] found that 22% of pupils reported some experimentation with e-cigarettes which is consistent with estimates taken from our more recent surveys and trends in the ASH youth data reported elsewhere [11
There is some variation in estimates of ever smoking between surveys in our study. This may reflect different age groups (particularly the higher overall rates in the SALSUS data for 15 year olds only). Other reasons may be due to different survey administration methods (school-based, online and household surveys) and extent of geographical coverage across the UK. However, the estimates of regular smoking are more consistent at around 3–4%.
Our data on youth who have ever tried e-cigarettes is comparable with the international data. A review of youth e-cigarette studies published between January 2014 and January 2016 found that similar rates of young people had ever tried an e-cigarette in Canada, Greece, Finland, New Zealand and Ireland, with proportions of between 14.6% and 24% [21
]. Recently published data from the 2014 US National Youth Tobacco Survey (NYTS) similarly reported ever use among middle and high school students as 19.4% [22
]. Furthermore, as with our data, youth e-cigarette experimentation in other countries has followed an upward trend in recent years [21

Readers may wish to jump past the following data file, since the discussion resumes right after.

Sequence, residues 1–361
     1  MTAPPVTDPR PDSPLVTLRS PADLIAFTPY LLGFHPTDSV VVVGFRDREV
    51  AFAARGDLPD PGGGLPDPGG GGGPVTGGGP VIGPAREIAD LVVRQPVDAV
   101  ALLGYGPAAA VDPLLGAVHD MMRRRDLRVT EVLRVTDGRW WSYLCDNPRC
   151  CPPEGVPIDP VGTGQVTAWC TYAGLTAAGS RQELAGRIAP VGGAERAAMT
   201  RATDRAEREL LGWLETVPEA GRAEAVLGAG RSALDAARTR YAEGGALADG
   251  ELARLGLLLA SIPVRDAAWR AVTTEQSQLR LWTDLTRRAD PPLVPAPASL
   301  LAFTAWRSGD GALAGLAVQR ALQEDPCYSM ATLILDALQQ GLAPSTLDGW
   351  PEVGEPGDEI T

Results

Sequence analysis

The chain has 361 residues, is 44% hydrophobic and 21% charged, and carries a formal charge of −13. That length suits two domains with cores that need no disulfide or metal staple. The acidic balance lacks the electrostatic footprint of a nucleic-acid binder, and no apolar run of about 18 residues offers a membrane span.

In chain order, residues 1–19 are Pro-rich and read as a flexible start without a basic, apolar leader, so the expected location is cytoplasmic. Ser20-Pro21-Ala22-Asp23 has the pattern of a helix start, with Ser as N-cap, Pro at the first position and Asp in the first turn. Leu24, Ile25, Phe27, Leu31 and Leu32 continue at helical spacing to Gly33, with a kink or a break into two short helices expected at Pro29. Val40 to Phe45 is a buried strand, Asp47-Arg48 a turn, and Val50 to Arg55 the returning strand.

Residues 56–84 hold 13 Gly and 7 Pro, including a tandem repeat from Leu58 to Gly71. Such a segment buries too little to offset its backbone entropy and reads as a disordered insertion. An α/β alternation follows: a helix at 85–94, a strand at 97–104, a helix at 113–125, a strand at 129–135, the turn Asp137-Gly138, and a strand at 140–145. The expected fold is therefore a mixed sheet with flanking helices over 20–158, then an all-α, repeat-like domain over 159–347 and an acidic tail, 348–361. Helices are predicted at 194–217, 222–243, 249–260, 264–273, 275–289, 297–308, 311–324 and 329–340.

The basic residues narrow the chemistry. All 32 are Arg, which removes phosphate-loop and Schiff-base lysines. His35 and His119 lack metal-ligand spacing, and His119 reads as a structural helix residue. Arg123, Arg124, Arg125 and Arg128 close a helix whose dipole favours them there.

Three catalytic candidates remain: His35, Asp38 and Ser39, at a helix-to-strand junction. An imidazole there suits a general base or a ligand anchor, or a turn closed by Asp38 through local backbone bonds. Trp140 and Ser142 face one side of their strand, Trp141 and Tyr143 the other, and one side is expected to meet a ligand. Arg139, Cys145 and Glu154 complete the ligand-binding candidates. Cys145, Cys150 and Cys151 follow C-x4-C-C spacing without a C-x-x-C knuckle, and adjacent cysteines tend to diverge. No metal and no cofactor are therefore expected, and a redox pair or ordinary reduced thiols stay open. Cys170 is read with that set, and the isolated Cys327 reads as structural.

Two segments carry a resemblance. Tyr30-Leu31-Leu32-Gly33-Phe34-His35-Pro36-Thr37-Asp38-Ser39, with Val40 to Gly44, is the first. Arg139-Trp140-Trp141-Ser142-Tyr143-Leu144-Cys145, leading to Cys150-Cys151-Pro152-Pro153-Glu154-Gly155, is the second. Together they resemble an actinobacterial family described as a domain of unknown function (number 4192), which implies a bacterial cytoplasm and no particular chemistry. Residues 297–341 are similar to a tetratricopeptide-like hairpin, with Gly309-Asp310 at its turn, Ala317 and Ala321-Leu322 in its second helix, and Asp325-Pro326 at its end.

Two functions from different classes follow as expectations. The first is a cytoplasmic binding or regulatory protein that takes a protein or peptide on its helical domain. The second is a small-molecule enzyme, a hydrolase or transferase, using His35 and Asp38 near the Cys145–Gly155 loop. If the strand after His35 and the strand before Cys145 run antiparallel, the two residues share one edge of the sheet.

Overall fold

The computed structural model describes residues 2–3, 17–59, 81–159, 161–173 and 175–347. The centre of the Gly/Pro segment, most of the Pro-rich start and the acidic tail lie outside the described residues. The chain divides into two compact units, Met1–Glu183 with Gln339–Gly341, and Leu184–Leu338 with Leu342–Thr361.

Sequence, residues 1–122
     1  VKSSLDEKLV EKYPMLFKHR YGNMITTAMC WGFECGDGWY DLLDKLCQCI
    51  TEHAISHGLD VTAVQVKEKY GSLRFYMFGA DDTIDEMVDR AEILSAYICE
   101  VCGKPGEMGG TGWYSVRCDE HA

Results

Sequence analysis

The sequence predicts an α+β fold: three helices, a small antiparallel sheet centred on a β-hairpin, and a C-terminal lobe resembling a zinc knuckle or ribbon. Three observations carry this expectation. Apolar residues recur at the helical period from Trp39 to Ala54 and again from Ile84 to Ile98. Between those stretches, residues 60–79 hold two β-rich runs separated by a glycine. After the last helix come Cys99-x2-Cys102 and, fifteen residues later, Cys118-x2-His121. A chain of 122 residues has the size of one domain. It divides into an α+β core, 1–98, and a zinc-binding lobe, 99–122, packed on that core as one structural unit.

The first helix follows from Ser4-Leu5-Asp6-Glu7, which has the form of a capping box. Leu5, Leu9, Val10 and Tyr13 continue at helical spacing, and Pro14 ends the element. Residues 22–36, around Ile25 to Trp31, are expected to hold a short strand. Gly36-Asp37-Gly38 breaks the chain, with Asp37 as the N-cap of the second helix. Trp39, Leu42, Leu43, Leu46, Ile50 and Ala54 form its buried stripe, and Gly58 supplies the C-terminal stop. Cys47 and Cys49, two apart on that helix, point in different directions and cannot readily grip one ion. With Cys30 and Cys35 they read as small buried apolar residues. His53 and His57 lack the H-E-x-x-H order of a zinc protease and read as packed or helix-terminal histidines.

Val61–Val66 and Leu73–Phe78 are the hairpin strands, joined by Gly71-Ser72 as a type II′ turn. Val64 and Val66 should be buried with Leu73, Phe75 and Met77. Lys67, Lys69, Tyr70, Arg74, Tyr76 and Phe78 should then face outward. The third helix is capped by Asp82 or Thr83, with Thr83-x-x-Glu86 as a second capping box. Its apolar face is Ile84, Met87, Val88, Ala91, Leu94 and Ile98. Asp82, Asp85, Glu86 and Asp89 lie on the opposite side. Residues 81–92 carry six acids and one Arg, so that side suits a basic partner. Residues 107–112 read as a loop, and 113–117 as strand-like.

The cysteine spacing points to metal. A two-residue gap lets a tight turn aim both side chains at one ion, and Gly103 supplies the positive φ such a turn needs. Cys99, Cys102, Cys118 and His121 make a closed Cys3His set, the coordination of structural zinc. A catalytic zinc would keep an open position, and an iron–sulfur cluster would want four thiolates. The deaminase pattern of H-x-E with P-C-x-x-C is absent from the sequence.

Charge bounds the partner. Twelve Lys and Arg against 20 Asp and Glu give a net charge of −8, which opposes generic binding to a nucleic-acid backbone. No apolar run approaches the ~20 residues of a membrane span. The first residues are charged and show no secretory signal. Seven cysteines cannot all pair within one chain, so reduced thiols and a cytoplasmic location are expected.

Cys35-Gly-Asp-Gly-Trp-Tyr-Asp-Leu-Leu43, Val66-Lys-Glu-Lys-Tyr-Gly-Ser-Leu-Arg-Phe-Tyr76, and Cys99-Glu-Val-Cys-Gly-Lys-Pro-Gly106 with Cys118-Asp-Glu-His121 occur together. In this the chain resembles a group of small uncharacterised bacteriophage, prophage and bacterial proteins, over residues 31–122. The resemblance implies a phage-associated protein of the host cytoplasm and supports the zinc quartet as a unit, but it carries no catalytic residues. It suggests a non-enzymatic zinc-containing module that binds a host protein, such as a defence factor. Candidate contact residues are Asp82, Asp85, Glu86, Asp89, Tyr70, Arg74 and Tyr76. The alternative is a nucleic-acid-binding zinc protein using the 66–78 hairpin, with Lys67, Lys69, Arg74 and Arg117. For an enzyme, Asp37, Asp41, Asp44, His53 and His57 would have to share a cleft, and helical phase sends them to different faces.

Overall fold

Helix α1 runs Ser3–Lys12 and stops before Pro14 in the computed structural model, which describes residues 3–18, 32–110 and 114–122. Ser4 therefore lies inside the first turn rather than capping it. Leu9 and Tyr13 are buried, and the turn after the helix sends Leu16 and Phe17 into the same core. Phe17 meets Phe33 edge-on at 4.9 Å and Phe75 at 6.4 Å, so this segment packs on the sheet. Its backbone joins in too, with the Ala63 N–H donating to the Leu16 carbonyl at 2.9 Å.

International comparisons on regular e-cigarette use are more challenging due to differences in survey measures assessing frequency of use. In Greenhill et al.’s [21
] review of all existing youth studies, only three studies from outside the UK were identified as assessing some form of regular use. Differences in the measures, however, make direct comparisons with our data impossible. More commonly assessed in youth surveys is use of e-cigarettes in the past 30 days. Across countries rates of 30-day e-cigarette use are considerably lower than for ever-use [21
]. Youth who report past-30 day use are consistently more likely to also report use of tobacco products. For example, in the NYTS, 87% of the 9.3% who reported any past 30-day e-cigarette use had ever used a tobacco product and the proportion of never smokers using e-cigarettes frequently, i.e., on 10 days or more in the past 30 days, was less than 0.1% [22
]. This is consistent with our data where regular-use of e-cigarettes among never smokers is rare. An important priority for future research is to agree a common set of core measures for youth surveys internationally, similar to recent recommendations for surveys of adults [24